As I venture further into adulthood, I’ve been surprised how often infidelity ends marriages, but even more surprised by how many marriages end for no dramatic reason.
There is a more insidious type of betrayal than infidelity that can be just as destructive: disengagement. Feeling ignored is worse than criticism, and invisibility feels worse than a fight.
In her amazing book, Daring Greatly: How the Courage to Be Vulnerable Transforms the Way We Live, Love, Parent, and Lead, which everyone should put in their Amazon carts right now, Brené Brown writes:
“…this betrayal usually happens long before the other ones. I’m talking about the betrayal of disengagement. Of not caring. Of letting the connection go. Of not being willing to devote time and effort to the relationship. The word betrayal evokes experiences of cheating, lying, breaking a confidence, failing to defend us to someone else who’s gossiping about us, and not choosing us over other people.
These behaviors are certainly betrayals, but they’re not the only form of betrayal. If I had to choose the form of betrayal that emerged most frequently from my research and that was the most dangerous in terms of corroding the trust connection, I would say disengagement.”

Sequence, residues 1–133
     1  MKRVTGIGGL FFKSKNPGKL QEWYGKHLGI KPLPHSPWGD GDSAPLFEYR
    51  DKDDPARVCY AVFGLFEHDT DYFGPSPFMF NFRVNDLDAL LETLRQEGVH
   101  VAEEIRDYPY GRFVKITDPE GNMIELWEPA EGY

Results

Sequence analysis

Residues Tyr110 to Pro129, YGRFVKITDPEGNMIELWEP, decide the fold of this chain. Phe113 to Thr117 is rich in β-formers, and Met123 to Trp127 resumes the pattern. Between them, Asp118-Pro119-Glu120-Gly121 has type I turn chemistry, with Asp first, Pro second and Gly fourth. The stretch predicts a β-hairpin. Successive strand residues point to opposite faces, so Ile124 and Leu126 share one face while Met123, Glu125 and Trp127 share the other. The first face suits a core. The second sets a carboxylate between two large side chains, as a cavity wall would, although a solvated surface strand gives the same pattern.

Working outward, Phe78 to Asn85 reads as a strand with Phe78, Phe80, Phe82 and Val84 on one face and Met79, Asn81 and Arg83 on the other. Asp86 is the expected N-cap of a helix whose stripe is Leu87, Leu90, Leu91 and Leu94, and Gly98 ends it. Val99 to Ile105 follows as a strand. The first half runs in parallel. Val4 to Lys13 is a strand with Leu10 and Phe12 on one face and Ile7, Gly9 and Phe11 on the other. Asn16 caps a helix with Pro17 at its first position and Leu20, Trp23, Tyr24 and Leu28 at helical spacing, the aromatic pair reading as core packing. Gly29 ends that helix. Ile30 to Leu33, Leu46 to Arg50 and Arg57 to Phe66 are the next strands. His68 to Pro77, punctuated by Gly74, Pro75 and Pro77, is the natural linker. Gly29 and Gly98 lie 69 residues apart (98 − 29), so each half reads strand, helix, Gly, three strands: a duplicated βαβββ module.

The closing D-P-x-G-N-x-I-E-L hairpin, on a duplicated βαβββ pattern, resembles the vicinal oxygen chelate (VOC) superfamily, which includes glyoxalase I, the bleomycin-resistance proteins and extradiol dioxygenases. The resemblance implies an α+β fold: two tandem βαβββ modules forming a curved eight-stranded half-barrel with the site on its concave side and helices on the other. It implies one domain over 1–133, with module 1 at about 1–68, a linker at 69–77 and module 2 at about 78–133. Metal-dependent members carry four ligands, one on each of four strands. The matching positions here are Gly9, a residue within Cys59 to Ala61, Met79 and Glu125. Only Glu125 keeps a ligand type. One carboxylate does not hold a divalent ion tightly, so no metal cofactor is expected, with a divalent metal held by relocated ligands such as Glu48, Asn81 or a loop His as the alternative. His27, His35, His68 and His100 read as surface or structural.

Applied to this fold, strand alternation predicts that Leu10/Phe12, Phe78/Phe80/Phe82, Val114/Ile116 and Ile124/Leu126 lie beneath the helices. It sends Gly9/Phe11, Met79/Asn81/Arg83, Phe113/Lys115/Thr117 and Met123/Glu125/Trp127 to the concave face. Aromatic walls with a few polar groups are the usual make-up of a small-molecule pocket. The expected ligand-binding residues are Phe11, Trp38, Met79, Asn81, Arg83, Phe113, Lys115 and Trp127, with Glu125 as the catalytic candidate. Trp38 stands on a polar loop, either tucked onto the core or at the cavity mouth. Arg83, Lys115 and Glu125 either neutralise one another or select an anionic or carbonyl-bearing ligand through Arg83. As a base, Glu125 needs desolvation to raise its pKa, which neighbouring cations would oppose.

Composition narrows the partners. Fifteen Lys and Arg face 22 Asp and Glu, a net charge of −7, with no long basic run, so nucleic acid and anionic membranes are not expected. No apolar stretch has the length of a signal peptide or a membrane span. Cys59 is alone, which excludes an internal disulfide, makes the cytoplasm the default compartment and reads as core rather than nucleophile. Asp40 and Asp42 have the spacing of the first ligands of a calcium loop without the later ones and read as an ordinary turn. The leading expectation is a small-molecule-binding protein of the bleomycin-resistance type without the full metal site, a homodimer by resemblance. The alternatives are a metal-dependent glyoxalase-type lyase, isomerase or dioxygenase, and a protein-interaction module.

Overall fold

When you’re falling in love, you listen with rapt attention to everything the object of your affection says. You notice all the nuances of his speech and actions. You ignore distractions and wouldn’t think about getting out your phone during a date.
Familiarity, which is comforting and intimate, can also breed lack of interest. Where it was once easy, it takes work to listen and stay fully engaged.
The human tendency to pursue what we don’t have and to take for granted what we do have can cause us to disengage.
It’s the same desire that caused Adam and Eve to fall for what they might be missing out on, and it can seize marriages if we allow it.
While Mike finished his PhD, we had to work hard at engagement. He was constantly thinking about his work out of necessity, and it was hard for him to set it aside mentally to discuss weekend plans or one of my projects.
I could easily feel that anything I was doing paled compared to the all encompassing life’s work he spent his days on.
Thankfully, he went out of his way to regularly tell me how important my goals, plans and discouragements were, that my work mattered to him just as much.
The discussion really wasn’t about whose work was more important. What I thought and did ranked high in Mike’s world because I matter to him, regardless of what I’m doing.
Staying engaged doesn’t depend on your spouse being endlessly interesting (although we can make an effort to be so).
It depends on us to put down our phones, turn off our televisions, listen when we’d rather talk about something else, and to ask about the important meeting he mentioned over breakfast
What if I fully listen to my husband simply because he’s the one talking, and that is reason enough?
Question: How do you stay engaged with your spouse, kids, friends or parents?
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